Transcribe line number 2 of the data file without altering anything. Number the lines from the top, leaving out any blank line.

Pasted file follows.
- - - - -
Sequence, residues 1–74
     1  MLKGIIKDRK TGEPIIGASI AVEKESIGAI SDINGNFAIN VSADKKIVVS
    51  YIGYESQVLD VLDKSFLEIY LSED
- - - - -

     1  MLKGIIKDRK TGEPIIGASI AVEKESIGAI SDINGNFAIN VSADKKIVVS